And since Kerber's name sounded familiar to my newbie tennis ears, I wondered if she was also famous or some kind of hotshot.

So I ran a Wikipedia check on her to see if she was a big deal. And the result was... disappointing. No Slams, no Number 1, no Year-End Championships, no Olympics. Career high was so-so.

"So why does her name sound familiar to me? Where did I hear it from?

That thought was dismissed.

Fast forward to 2016, Angelique Kerber, whose name was even heard by a non-tennis fan that was myself the way the greats of any sports usually dropped by in our ears uninvited, eventually won something huge. A Slam. A respectable feat. An accomplishment not every top players ever tasted.

Now that Angie has actually done it, the whole thing with me recognizing her name when she had yet to accomplish something does feel funny, like a foreshadowing of her future achievement.

I guess it wasn't for no reason that I heard her name randomly. It was meant to be. Or was it?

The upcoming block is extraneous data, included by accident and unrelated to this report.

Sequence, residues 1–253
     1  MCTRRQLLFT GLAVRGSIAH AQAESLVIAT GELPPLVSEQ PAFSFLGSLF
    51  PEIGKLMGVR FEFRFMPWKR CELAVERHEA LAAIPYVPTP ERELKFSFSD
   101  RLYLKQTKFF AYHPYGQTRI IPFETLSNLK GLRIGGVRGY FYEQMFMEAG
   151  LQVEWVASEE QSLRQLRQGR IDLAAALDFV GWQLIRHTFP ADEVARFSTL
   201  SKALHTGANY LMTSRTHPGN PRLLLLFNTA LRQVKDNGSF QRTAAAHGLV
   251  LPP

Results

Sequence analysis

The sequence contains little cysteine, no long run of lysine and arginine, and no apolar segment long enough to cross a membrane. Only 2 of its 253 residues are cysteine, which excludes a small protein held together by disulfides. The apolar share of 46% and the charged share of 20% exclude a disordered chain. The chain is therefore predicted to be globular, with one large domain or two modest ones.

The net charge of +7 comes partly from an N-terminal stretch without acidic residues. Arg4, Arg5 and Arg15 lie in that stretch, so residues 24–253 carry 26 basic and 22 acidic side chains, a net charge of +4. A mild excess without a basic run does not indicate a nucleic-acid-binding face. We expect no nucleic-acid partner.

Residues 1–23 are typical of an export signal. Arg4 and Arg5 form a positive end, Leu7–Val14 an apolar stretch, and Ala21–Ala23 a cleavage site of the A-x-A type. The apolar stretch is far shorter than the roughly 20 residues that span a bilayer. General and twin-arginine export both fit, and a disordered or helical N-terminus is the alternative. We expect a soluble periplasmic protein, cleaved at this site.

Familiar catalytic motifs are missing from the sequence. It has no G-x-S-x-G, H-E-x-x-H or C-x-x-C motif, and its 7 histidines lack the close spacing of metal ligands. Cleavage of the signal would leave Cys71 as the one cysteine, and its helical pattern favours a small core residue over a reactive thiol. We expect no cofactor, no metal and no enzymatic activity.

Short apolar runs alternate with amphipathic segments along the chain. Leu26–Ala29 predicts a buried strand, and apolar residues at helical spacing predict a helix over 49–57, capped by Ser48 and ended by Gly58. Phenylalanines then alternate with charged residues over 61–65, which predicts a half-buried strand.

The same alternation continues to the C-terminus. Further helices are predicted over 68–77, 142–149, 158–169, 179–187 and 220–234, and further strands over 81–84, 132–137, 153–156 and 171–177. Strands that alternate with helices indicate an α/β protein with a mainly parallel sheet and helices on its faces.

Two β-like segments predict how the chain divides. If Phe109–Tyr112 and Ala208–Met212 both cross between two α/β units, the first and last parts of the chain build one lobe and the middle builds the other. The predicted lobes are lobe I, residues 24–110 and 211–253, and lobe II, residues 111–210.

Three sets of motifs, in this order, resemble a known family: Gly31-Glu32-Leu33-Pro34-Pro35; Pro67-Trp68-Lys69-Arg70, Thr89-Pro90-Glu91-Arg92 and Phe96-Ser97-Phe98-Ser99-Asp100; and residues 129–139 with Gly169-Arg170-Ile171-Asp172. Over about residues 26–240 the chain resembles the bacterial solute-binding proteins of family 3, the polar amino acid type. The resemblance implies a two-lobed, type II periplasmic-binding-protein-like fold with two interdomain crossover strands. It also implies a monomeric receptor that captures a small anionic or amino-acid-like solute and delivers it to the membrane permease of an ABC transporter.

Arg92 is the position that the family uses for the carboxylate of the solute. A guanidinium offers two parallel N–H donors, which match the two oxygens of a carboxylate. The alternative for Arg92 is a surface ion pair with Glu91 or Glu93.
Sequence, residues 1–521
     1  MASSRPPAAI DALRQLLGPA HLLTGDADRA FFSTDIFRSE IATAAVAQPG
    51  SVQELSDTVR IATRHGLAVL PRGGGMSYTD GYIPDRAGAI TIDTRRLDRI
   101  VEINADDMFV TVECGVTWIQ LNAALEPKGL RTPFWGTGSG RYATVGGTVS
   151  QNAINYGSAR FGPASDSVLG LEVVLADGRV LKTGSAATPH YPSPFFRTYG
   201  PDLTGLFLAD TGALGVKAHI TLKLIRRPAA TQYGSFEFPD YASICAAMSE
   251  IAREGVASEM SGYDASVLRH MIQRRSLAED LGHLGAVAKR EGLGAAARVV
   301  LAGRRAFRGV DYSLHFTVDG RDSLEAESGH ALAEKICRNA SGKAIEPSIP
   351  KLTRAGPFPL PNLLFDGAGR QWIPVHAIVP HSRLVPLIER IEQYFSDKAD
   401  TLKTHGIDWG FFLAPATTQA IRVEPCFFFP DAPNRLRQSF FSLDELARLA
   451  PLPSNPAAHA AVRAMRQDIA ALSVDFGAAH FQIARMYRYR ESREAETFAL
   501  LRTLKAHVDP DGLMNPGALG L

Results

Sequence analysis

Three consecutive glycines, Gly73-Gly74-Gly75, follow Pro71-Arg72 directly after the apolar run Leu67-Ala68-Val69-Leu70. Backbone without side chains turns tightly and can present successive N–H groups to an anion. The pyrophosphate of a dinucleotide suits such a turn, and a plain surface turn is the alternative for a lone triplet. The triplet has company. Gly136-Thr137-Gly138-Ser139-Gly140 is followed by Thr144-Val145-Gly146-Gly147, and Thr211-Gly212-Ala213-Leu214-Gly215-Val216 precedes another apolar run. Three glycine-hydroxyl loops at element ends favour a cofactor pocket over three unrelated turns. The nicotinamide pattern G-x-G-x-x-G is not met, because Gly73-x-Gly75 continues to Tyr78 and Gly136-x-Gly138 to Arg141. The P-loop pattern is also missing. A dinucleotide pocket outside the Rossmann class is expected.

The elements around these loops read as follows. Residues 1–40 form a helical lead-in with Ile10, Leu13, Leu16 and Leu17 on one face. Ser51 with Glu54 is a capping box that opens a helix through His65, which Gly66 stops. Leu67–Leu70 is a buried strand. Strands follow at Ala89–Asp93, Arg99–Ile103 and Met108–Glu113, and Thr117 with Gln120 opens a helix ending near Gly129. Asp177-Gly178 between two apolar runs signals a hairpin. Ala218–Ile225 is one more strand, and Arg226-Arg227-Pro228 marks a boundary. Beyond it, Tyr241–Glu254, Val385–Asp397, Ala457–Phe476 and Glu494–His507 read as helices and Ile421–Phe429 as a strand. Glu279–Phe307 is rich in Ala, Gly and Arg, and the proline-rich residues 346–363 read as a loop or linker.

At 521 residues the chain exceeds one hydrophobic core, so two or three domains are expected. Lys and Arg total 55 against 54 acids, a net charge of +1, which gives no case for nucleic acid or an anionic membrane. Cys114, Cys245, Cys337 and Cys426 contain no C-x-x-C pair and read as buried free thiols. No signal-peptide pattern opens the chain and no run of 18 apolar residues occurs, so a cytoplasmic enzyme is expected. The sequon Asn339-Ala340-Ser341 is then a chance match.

Thursday, January 21, 2016

How Tennis Helped Me Pick Up What I've Thrown Away

In the spirit of celebrating Australian Open that's currently going on, I'm gonna tell you how the sport, tennis, has changed my view on women and sport, the female gender and athleticism, entirely.

Many, many years ago, when my inner world hadn't been invaded by all things tennis, the words "female" and "athlete" didn't belong together. At least, not in my then primitive brain, they didn't. When those two words were joined together and tied in matrimony, they begot this picture in my mind... A picture of a masculine girl.

Big biceps. Six-pack abs. Massive legs. Boyish costume... And nothing else.

That's how I imagined the word "athlete" for the entire female gender, probably due to my unfamiliarity with the many kinds of sport out there practiced by women.

With this image carried in my mind, I refused to be associated with the word "athlete" and shied away from it, even though the irony was I was playing sport all the time.

This was because, growing up, people around me seemed to make a huge deal about gender roles--femininity and masculinity. About how a girl should be, about how a girl should look. And this kind of thing, this teaching, they stick with me. And since athlete appeared in a certain masculine image in my mind, I swiftly rejected it.

I was probably like that girl from Clueless.